County officials have investigated Stewart and the condition of the dogs and the property before.

Sheriff's deputies and the health department were looking into her operation in fall 2007.

At that time, she said she was trying to reduce the kennel's population on the two-acre property.

She said she was trying to find a good way to get rid of dogs that aren't breeding stock, but she didn't want to unload the animals on the Humane Society or have them killed.

She told the Herald then that the kennel was started in 1959, and she took it over in 1967.

Sun Valley Kennel was in place long before permits were required by the county, so it's been grandfathered in and doesn't need a special permit to operate, said planning officials.

Stewart said she's been working over several decades to develop the world's smallest Eskimo dog.

She said the kennel maintains bloodlines for the small dogs, which have to weigh less than 11 pounds to be considered a Sun Valley Eskimo.

"I'm taking care of the animals the best that I can," she said..."  More


Bolding & color added by blog editor

Flock of maltreated birds freed from tiny apartment




By:  Susan Houlton

Hundreds of cockatiels and canaries have been liberated from their hoarding owner who kept them locked up in cramped conditions in a one-bedroom apartment.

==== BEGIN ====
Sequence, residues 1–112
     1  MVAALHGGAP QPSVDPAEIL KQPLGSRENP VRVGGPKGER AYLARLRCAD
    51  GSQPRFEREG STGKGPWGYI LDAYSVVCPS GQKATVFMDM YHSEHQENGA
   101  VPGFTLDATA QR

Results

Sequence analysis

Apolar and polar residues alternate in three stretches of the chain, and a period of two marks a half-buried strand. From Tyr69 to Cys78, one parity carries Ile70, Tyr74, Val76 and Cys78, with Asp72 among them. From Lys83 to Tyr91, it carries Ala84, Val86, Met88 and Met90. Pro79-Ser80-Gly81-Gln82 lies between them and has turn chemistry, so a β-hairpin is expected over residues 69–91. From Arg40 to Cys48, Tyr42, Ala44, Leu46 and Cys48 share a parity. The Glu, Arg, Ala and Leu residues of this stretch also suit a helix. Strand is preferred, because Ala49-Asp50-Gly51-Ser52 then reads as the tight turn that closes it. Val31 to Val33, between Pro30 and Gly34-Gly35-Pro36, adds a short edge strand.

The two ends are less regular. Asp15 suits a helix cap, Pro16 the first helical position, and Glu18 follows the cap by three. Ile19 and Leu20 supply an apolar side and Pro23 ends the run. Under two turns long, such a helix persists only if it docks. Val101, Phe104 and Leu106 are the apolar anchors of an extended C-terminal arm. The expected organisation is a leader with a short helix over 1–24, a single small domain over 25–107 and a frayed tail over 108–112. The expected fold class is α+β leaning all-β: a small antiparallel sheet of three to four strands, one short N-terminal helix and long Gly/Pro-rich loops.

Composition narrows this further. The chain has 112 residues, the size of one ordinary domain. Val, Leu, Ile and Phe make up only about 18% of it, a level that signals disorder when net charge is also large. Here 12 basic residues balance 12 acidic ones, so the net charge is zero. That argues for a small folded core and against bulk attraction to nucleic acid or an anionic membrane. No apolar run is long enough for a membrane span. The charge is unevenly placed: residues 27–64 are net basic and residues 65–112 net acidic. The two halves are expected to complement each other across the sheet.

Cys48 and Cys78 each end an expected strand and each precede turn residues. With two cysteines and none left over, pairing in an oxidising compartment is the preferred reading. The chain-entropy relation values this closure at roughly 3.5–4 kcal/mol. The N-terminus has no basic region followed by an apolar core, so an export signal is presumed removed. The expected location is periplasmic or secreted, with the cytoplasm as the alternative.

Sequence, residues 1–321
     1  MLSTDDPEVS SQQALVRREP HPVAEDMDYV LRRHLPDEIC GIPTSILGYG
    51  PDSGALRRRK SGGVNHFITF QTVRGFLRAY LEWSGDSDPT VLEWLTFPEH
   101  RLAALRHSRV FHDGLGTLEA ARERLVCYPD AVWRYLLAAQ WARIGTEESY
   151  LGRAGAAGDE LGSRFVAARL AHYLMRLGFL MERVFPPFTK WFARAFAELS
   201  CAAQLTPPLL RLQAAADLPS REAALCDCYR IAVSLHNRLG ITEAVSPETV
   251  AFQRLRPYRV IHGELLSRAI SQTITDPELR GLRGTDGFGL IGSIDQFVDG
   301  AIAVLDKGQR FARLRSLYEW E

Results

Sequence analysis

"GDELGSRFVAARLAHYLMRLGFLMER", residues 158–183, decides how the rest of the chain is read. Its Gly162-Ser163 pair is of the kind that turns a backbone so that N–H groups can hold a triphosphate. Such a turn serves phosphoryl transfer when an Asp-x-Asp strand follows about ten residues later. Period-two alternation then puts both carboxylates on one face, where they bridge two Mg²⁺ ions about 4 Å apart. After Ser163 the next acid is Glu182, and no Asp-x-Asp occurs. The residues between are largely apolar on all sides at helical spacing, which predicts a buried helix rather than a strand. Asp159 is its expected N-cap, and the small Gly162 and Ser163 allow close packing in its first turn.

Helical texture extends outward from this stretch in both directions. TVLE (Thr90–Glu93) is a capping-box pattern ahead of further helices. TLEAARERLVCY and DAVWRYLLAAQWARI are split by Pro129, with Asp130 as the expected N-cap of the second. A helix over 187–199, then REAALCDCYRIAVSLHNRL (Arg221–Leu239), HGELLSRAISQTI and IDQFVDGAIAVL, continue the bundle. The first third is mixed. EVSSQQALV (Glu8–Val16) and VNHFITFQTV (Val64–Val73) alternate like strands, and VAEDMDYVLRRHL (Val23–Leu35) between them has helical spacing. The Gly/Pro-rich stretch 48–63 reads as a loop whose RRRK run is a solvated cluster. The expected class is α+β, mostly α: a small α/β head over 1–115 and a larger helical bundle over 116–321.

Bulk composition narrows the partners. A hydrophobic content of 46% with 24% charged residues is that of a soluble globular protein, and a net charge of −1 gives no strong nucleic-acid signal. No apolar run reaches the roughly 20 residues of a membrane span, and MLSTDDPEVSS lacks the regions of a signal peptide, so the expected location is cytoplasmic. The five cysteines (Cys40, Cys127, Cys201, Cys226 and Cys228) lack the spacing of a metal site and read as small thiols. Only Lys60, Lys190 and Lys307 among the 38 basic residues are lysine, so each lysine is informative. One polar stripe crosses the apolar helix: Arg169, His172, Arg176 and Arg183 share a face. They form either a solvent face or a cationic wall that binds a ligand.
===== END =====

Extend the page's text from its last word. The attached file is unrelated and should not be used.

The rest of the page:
Animal protectionists, alerted to the situation by passers-by who had noticed the dirty apartment windows, seized the birds on grounds of maltreatment and subsequently removed them to an animal refuge..."  More

Tuesday, May 26, 2009

AWARENESS: Hot Cars Can Be Deadly




Every year, dogs die after being locked inside hot cars. Leaving a dog for even a couple of minutes can be a fatal mistake. Your assistance is invaluable in our effort to spread the word about how dangerous hot cars are for dogs...."  More

Obsessive-Compulsive Disorder (OCD)

SYMPTOMS, THOUGHTS AND BEHAVIORS, AND TREATMENT

Understanding obsessions and compulsions

Obsessions are involuntary, seemingly uncontrollable thoughts, images, or impulses that occur over and over again in your mind. You don’t want to have these ideas – in fact, you know that they don’t make any sense. But you can’t stop them. Unfortunately, these obsessive thoughts are usually disturbing and distracting.

Compulsions are behaviors or rituals that you feel driven to act out again and again. Usually, compulsions are performed in an attempt to make obsessions go away. For example, if you’re afraid of contamination, you might develop elaborate cleaning rituals. However, the relief never lasts. In fact, the obsessive thoughts usually come back stronger. And the compulsive behaviors often end up causing anxiety themselves as they become more demanding and time-consuming.

Most people with obsessive-compulsive disorder fall into one of the following categories: